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05 May 2013, 03:37
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Why there is a need of "had had" (Past Perfect) when the sentence uses "Before".

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09 May 2013, 05:08
Anyone??????????
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11 May 2013, 21:47
First of all, what is the source of this sentence? Any additonal would be helpful.

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11 May 2013, 23:27
KyleWiddison wrote:
First of all, what is the source of this sentence? Any additonal would be helpful.

KW

Sir,

Aristotle SC -Grail (2011)

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12 May 2013, 01:22
Correct form of the sentence would be: Tim had several passenger cars before he decided to buy a sports car.

When there are two past events, we can use following two strategies to indicate the order of events:
1) use of past perfect to indicate earlier event and simple past to indicate later event
2) use of the relational word (e.g., before, after, earlier, later, etc.)

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12 May 2013, 05:42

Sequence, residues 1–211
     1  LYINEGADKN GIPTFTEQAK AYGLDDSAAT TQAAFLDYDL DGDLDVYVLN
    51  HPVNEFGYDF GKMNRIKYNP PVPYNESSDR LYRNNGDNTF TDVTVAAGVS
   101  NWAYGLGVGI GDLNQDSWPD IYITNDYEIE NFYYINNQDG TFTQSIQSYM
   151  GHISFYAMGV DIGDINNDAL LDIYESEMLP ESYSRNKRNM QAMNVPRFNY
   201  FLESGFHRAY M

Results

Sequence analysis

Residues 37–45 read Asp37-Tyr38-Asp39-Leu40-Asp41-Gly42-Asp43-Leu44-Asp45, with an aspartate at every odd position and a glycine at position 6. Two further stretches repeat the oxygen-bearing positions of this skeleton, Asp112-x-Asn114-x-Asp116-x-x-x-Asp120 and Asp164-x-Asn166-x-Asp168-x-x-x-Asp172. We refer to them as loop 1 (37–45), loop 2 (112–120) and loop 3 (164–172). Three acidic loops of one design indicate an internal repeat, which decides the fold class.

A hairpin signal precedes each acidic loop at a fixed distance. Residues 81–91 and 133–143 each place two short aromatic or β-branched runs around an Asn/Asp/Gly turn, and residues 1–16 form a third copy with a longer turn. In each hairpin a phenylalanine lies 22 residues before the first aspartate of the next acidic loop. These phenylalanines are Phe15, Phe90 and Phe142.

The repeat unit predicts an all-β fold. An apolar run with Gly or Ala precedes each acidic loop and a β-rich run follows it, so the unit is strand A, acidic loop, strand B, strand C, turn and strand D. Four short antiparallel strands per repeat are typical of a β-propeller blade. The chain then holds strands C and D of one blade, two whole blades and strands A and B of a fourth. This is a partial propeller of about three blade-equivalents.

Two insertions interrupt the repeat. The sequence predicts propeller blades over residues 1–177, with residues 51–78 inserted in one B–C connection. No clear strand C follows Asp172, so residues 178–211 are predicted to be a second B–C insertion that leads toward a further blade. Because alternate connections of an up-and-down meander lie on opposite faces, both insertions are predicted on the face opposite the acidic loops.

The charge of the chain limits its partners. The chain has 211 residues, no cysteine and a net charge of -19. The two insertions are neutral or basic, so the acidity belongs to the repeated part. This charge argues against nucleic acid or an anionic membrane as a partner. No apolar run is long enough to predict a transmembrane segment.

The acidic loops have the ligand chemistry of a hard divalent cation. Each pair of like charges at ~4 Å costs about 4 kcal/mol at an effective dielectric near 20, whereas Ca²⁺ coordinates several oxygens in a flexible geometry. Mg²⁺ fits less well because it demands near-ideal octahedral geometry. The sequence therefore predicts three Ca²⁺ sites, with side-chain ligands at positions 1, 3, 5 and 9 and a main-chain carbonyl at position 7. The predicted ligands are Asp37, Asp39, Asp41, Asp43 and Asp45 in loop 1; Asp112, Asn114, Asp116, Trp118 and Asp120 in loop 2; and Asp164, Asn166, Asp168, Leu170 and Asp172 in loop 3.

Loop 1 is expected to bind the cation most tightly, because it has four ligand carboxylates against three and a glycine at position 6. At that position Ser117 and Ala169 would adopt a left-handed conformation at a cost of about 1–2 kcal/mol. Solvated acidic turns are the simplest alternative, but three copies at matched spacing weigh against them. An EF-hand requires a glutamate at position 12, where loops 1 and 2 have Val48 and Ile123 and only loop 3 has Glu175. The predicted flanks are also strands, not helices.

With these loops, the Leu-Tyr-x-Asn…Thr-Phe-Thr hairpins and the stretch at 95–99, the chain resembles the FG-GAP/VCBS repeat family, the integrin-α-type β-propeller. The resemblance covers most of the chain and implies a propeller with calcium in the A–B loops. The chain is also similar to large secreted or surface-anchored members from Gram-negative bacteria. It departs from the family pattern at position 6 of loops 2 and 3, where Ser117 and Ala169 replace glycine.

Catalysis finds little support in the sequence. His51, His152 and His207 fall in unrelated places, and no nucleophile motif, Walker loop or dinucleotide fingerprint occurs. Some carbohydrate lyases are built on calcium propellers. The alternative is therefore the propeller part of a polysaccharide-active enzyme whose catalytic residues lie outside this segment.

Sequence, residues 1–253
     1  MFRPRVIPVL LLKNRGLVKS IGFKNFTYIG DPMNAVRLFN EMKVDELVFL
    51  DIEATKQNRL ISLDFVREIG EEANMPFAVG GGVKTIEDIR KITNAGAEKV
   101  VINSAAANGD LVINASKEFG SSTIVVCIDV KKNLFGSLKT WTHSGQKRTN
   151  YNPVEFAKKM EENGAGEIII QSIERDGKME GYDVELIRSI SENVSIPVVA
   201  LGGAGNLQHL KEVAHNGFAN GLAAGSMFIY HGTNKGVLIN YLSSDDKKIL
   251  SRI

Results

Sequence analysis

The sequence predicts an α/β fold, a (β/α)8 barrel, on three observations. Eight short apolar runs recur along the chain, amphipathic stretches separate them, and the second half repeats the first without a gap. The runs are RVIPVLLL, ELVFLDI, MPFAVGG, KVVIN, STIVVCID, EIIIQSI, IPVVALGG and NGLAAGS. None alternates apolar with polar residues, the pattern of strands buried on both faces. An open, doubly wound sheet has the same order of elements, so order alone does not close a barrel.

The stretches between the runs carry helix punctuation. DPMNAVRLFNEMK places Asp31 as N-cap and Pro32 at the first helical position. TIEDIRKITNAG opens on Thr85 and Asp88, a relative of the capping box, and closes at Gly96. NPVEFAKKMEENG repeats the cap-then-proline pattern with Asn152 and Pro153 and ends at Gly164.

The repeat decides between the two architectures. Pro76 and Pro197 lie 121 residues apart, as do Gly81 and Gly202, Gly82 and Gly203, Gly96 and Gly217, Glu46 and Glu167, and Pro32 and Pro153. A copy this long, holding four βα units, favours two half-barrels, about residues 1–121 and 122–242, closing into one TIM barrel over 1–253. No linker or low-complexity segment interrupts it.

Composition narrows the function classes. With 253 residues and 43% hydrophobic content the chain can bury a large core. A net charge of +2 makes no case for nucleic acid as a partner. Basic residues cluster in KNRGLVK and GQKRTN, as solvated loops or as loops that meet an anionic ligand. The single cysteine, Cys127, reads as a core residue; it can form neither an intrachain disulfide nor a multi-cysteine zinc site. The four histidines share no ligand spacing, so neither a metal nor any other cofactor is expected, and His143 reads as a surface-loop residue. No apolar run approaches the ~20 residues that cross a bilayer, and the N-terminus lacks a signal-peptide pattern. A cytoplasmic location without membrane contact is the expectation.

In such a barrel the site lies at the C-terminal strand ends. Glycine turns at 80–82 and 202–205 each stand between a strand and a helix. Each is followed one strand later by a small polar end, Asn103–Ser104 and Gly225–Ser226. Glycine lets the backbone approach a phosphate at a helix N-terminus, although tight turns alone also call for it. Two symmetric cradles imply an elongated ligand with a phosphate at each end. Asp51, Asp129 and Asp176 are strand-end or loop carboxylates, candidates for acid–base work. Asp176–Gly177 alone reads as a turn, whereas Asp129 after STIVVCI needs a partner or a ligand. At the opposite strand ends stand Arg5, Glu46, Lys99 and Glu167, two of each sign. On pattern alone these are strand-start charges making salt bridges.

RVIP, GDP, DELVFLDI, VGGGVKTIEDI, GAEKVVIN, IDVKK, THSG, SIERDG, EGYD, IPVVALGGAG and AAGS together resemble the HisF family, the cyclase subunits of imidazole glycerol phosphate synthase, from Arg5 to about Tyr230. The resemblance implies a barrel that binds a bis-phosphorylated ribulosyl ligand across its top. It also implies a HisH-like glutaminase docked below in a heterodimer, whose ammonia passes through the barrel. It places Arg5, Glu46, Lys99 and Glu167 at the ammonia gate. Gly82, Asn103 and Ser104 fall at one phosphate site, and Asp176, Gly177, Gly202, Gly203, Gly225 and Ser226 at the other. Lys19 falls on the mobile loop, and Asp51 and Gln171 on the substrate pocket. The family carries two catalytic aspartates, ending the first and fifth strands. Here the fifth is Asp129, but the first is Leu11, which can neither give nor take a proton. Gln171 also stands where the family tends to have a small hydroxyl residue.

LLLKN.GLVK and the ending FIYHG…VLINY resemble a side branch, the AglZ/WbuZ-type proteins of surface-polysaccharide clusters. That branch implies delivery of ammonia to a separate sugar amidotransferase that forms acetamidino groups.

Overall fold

Sentence correction never really was my strong point but still this one quite stumped me.. Grammatically 'had had' seems redundant but when we say it, because 'decided' is in the past tense, 'had had' sounds better...
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12 May 2013, 06:24
They had had enough savings and they paid for the mortgage without any penalty.
If I had had another five minutes, I would have finished the examination paper.

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13 May 2013, 20:06
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Well this is a fun one

The past perfect is used to show the EARLIER of two past events. This one is a bit tricky because the use of the word 'before', which essentially provides the same function as the past perfect.

It appears that the 'had had' may be overkill with the inclusion of 'before', but let's look closely at the difference in meaning between one and two 'hads':

1) Tim had several passenger cars before he decided to buy a sports car.